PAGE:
I stopped in Panama on my way back from Chile, because a three-day stopover didn’t cost any more than flying straight home. After a few weeks of other miscellaneous trips to see friends and family, I’m finally getting around to sharing some highlights.
Panama’s City’s skyline is bigger than San Francisco’s and probably most cities in the United States. The skyscrapers stretch along the edge of the the Pacific Ocean. A giant road called the Cinta Costera was built above the ocean so that cars can avoid going through the busy streets in old town. Fortunately, city planners also added a path for bicycles and pedestrians with great views of the old town and the new city. Walking along the road was a lovely relaxing break from the hustle and bustle of the city itself.
I visited MAC Panama, the contemporary art museum in Panama City and saw an entire exhibit by the Venezuelan op artist Carlos Cruz-Diez. He spent most of his life exploring color and the movement of color. Due to his commercial success, he is one of Latin America’s most well-known artists, but sadly, just a couple weeks after I saw this exhibit, he passed away.
I honestly didn’t eat much Panamanian food while I was there, but I did get some delicious fancy vegetarian food at a lovely restaurant in old town called Tio Navaja. On my last day, I stopped by a street vender to buy a passion fruit raspado, full of icy goodness.
Agua Clara Locks
Of course, the main thing I wanted to see in Panama was the Panama Canal itself. It’s the 51 mile shortcut between the Atlantic and Pacific Oceans that most cargo ships take to shorten their journeys. Because of the topography of the land, locks are needed to move boats safely from one side of the isthmus to the other. They need to go up 3 sets of locks and down 3 sets of locks.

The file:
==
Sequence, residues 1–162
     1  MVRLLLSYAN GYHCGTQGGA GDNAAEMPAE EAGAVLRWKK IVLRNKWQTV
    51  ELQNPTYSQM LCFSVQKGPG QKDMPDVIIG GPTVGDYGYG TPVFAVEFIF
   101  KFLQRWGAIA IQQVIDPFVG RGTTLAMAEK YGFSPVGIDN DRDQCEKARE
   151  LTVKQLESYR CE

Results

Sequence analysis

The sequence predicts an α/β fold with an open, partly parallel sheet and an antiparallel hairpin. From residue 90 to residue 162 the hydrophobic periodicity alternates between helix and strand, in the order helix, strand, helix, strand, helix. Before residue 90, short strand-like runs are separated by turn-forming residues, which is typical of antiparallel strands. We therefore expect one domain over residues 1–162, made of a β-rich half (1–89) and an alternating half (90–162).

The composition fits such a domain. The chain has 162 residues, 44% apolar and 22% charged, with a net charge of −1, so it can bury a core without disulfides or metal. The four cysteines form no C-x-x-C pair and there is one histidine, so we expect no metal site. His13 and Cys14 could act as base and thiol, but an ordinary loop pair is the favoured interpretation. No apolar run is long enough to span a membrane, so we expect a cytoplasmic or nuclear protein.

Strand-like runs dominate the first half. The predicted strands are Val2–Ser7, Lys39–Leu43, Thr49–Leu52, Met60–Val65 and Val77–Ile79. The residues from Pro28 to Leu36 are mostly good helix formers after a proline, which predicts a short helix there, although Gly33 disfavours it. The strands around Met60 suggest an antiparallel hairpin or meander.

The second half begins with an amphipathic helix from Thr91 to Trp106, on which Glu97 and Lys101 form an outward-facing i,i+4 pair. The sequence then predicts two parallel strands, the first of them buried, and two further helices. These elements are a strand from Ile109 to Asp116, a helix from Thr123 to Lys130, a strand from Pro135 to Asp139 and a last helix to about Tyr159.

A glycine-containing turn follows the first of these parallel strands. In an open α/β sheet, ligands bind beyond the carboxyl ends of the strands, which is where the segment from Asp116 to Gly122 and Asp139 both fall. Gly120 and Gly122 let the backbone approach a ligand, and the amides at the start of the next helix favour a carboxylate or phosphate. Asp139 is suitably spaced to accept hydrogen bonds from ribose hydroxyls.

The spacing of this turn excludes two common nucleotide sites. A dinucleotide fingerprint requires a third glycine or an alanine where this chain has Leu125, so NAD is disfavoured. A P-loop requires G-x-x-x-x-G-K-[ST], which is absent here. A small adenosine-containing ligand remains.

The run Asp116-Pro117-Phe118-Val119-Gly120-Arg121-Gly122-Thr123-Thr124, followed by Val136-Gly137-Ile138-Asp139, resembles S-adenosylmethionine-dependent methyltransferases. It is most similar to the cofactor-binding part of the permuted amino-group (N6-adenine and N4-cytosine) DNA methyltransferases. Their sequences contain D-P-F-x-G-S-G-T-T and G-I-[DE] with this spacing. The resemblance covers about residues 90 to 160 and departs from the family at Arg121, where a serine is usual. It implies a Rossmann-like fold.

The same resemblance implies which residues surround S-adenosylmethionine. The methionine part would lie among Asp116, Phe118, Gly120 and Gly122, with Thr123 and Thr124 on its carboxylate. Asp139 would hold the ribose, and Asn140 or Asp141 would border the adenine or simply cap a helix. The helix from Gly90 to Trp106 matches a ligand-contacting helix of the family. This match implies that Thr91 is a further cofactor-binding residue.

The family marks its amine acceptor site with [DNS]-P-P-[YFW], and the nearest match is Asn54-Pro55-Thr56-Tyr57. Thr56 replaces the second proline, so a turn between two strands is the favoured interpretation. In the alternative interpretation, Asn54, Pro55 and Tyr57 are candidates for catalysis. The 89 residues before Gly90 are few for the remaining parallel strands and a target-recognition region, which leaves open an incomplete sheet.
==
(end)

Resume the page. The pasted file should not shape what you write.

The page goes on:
I visited the Agua Clara Locks which were expanded a few years ago to allow more and bigger boats to go through, while doing a better job of recycling the water needed to run the locks. Guides to the locks will say that the Panama Canal expansion is good not only for the global economy, but also for fighting greenhouse emissions. First, taking the canal route alone cuts down the amount of fuel needed to get from one ocean to the other. Instead of going around the long way, they wait around for about a week and then go through the canal once their turn arises in the queue. Second, this expansion allows bigger boats to go through (the new Panamax style) that can carry 120,000 tons of cargo, which means less boats need to be coming and going.
I’m not sure I buy their arguments, mostly I think it just means more ships and more stuff will be going through the canals. It’s like when cities build more roads to accomodate more cars, but then the roads fill up with even more cars. This is called induced demand and although I’m glad they’re doing work to make these locks more energy efficient and water efficient, my guess is that there’s still a net positive of carbon emissions after these were created.